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  • Writer's pictureLars Christensen

The Time Paradox - 1 minute read

Finished October 2020. How strongly I recommend this book 9/10.

This book will get you to take a closer look at your current busy schedule. The book starts by breaking time down into three sections: past, present, and future.

It explains the dangers and benefits of all three and puts them in fascinating perspectives, which caused some interesting conversations at the dinner table with my wife. In the end, the book makes you realize how much control you have of your time, and it's your job to take that control.

This book is good for business, relationships, and life. Buy it here.

  • Suicide terrorism: Time as an explanation—This section was eye-opening into how different we all look at time. I can see myself re-read this when I realize that I need to look at things from a different perspective than my cozy, comfy, western lifestyle.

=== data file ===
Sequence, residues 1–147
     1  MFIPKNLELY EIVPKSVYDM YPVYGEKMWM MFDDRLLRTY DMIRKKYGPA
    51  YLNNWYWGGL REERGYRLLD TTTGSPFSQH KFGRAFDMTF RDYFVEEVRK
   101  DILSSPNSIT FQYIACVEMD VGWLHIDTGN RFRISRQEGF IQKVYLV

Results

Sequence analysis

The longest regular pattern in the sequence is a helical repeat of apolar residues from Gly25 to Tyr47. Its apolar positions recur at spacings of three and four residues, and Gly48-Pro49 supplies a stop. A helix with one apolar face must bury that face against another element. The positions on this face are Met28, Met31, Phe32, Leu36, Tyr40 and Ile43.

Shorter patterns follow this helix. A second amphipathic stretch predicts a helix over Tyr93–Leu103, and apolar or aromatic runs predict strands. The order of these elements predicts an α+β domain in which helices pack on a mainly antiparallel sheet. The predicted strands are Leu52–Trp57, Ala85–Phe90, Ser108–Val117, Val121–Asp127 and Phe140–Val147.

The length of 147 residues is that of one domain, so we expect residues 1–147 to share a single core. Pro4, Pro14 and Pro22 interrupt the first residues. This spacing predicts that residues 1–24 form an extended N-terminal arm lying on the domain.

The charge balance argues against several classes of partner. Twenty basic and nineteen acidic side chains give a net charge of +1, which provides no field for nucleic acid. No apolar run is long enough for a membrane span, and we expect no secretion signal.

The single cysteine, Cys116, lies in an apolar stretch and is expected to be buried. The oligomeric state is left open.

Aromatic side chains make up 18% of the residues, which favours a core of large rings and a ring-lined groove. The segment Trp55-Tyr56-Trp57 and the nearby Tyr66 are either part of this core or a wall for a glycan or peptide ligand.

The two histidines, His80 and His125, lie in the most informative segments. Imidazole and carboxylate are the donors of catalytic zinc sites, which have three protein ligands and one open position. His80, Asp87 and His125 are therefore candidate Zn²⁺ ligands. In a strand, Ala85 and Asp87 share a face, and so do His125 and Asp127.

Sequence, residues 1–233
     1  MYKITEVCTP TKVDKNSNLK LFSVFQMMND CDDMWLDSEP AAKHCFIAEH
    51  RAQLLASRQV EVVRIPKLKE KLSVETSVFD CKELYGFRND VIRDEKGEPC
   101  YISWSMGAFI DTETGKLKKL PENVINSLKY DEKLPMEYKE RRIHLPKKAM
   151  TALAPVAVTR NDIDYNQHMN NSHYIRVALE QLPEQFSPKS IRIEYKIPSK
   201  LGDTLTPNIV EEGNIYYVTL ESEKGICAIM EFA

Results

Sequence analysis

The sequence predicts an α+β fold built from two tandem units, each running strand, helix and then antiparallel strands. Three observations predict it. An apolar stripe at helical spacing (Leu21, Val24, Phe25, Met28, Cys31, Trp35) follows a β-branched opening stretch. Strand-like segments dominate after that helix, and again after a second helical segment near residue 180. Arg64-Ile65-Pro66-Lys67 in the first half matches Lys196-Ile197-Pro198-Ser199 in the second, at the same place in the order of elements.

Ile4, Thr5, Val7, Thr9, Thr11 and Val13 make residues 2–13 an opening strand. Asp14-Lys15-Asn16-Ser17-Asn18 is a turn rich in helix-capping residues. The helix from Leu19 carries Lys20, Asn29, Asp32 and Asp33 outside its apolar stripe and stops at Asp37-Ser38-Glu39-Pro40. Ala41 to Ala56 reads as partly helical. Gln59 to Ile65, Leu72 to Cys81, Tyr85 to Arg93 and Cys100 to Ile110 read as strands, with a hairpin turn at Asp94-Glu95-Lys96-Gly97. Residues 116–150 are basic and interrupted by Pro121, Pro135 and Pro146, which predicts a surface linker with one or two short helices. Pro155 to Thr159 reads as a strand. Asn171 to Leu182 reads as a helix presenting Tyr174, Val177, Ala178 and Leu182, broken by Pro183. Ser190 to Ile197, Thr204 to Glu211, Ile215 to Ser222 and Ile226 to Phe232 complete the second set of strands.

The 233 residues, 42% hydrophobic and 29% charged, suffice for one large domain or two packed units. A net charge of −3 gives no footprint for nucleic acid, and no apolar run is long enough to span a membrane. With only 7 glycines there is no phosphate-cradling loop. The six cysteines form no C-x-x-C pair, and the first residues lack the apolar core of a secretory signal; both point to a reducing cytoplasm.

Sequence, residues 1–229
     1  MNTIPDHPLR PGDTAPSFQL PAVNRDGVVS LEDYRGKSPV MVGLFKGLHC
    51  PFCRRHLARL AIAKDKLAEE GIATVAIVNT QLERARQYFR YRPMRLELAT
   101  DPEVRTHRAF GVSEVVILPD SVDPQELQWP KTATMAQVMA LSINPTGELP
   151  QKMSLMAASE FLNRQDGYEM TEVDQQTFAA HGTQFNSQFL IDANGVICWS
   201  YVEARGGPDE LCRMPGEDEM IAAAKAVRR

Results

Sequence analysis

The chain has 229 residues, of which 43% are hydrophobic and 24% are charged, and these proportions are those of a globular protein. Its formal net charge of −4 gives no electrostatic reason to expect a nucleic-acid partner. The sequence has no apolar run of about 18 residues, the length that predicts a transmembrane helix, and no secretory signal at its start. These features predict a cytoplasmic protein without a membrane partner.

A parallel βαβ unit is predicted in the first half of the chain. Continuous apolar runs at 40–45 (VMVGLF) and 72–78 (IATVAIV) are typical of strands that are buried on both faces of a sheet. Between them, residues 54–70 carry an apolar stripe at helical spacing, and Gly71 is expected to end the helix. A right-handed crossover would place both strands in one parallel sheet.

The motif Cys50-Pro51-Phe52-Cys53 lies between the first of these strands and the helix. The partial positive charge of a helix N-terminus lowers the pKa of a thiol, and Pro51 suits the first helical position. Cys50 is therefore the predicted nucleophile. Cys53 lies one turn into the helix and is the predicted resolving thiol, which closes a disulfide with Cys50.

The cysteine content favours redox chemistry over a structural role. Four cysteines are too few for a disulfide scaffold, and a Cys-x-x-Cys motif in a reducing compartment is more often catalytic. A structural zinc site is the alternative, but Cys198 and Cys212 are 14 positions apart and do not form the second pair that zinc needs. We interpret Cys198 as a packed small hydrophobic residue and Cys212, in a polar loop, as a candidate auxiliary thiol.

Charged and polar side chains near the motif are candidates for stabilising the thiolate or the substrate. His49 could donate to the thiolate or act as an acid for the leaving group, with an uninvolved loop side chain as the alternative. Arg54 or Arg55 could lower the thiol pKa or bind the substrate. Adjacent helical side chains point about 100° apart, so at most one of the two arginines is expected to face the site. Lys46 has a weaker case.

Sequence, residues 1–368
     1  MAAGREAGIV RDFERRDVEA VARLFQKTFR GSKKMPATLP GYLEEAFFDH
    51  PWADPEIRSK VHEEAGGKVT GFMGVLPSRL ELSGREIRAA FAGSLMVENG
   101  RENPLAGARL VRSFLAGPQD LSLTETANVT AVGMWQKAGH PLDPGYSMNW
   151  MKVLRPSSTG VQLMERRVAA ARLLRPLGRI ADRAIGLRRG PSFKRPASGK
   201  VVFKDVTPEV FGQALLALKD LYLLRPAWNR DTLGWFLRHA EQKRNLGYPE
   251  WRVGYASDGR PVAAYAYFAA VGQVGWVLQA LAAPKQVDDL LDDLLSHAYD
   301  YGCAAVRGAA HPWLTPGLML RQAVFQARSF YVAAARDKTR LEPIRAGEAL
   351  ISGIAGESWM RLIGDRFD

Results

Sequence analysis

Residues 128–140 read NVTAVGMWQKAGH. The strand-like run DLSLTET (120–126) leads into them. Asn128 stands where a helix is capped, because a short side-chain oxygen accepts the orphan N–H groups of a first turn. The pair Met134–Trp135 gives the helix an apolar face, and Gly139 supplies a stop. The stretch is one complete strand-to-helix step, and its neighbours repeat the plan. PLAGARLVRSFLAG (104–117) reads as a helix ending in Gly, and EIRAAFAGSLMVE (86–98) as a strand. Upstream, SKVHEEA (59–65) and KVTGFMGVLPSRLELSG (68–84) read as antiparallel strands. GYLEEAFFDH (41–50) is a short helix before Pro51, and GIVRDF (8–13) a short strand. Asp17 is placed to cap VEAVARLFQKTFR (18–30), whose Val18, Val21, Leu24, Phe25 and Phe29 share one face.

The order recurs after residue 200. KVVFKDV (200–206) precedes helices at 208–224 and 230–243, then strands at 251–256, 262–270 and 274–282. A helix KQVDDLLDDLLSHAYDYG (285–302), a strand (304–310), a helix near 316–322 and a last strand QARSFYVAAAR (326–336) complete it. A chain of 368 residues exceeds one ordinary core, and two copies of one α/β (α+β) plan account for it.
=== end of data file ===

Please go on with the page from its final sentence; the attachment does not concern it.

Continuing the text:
• Happiness and time: Only thirty-four percent of Americans claim that they are really happy. This section felt it was taken right out of "Obstacle is the way" by Ryan Holiday.

  • Case Study in successful retirement: I hope I remember to go back and read this chapter in twenty years 🙂 Going from a 55-hour workweek to retirement can be difficult. It's about planning the trips you want for the upcoming year. Maybe work part-time. Stop at your favorite cafe a few times a week for a latte. Think about taking the grandkids on adventures, and write your kid's memoirs.

  • Legendary UCLA basketball coach John Wooden defines success in this way: "Success is peace of mind which is a direct result of self-satisfaction in knowing you did your best to become the best that you are capable of becoming."

  • Out of time—Making your time matter: The last chapter is an excellent reminder of how to turn the volume down a bit. Delete the last section of your to-do list and just forget about it.

This is your time!

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